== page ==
“You’re often facing lawyers from big firms with enormous resources. Whistle-blowers are very much the underdog in these battles,” he says.

“But you cannot be afraid of having the odds stacked against you, because they usually will be,” Scott adds.

Scott explains a way to even the playing field.

“You outwork them,” Scott says. “You just have to work very hard to keep ahead and rely at the end of the day on the undisputed facts in the case.”

“If you live by the truth, and your objective is to live by the truth no matter what a lawyer throws at a case, you can’t undo those facts,” Scott says.

Scott’s attack plan encompasses many angles.

“Convincing a jury can sometimes take a massive procedural battle, but that comes with the territory,” he adds.

Scott, a native of Calgary, Alberta, Canada, moved to the United States to attend the University of California, Berkeley, where he majored in economics.

The path to a career in law was not particularly well-thought-out.

“As a youngster, I remember seeing an attorney with a cool car and declaring to my dad that I wanted to be a lawyer. I wound up sticking to that,” he says.

While attending Yale Law School, he worked summers for the San Francisco offices of Orrick, Herrington & Sutcliffe and, later, Morrison & Foerster. But on graduation in 1989, public service beckoned.

“On my death bed, I want to look back and see that I did something worthwhile, pursuing cases for purposes I believed in,” he says.

Those cases paved the way for his eventual specialty, whistle-blower matters, which he pursued after opening his own office in San Francisco.

To Scott, whistle-blowers are today’s unsung heroes and, sometimes, the only thing standing between fraud and corruption.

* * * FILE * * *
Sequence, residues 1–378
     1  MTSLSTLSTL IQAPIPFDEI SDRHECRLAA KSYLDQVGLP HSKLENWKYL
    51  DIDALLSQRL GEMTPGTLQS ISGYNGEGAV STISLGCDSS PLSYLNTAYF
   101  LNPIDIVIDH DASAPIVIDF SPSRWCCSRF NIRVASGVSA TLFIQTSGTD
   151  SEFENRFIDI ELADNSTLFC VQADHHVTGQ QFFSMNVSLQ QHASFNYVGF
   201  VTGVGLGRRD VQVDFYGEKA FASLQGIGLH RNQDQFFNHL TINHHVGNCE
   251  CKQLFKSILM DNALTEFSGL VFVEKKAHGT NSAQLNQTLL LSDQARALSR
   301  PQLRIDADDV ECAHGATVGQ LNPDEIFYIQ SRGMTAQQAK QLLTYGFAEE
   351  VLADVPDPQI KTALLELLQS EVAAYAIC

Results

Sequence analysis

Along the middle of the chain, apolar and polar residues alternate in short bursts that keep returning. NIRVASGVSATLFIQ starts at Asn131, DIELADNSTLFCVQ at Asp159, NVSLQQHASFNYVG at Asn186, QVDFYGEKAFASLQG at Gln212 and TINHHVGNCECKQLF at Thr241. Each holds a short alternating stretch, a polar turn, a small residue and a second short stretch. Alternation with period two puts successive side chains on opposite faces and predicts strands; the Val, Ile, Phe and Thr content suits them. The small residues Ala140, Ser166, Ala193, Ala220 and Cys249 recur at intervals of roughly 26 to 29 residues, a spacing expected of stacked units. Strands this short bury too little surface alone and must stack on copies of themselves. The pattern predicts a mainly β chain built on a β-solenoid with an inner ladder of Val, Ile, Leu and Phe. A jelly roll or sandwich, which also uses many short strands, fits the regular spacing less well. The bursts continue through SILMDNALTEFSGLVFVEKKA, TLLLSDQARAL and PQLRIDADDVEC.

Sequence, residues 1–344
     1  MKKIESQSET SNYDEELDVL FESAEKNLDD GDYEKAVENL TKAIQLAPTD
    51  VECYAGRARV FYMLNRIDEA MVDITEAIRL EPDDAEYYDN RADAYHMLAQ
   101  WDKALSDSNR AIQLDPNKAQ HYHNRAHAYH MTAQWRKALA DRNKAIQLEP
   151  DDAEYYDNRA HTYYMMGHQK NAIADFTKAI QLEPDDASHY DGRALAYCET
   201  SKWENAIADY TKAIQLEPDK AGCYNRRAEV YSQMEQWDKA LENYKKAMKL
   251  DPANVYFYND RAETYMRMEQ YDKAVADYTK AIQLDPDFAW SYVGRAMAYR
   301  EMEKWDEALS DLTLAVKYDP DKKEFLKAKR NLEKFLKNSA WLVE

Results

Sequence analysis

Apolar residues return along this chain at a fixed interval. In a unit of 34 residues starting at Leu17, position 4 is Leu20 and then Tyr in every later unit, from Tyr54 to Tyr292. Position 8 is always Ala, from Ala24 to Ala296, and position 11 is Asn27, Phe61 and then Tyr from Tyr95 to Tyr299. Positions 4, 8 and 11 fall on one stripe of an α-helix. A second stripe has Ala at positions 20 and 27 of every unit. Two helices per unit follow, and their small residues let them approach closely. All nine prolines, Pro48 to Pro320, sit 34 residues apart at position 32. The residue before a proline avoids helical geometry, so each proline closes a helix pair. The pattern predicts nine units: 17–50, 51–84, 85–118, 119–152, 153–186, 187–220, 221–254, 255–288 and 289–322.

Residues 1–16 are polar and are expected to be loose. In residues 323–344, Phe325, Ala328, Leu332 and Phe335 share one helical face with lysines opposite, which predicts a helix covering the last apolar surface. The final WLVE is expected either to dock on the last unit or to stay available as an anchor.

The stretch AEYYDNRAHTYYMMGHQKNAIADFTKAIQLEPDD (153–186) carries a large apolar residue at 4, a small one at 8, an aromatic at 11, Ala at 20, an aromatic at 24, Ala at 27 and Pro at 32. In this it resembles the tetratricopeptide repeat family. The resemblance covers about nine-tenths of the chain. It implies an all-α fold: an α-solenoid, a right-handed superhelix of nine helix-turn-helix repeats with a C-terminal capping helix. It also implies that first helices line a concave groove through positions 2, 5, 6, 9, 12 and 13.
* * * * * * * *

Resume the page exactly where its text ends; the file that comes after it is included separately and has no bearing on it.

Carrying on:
“Often, they’re the underdog, terminated by a large defense contractor or a health care concern for trying to prove that the organization defrauded the government. It’s not easy to do that,” Scott explains.

One such underdog – a hero in Scott’s mind – is client Joseph Kimball, who uncovered false Medicare claim submissions by his employer, a hospital chain. Kimball was fired, according to Scott, and is suing the company.

“He intended to spend his career there and was faced with the decision whether to put all that in jeopardy. It’s not easy to walk away from a career and put up with all the flap that follows when you stand up to be counted like that,” Scott says.

On the plus side, according to federal law, whistle-blowers are entitled to 15 percent to 25 percent of what is recovered in a civil lawsuit, or 25 percent to 30 percent if the government intervenes. The U.S. Justice Department has joined Scott in his claim against the hospital chain, according to Scott.

“Still, it takes people with courage,” Scott says. “You don’t know whether you are going to recover anything.

“You’re risking being blackballed in the business you’re working in. But that’s OK. If what you believe is the right thing, it’s all right if you lose. It’s not all about the money.”

Please be advised that this website is an information resource and is not intended to provide legal advice in your particular case.  We would be pleased to conduct a confidential review of your potential claim, but by doing so we are not agreeing to act as your counsel.  A written agreement between you and the Law Offices of Paul D. Scott is prerequisite to representation.  Past successes by the firm do not guarantee future results.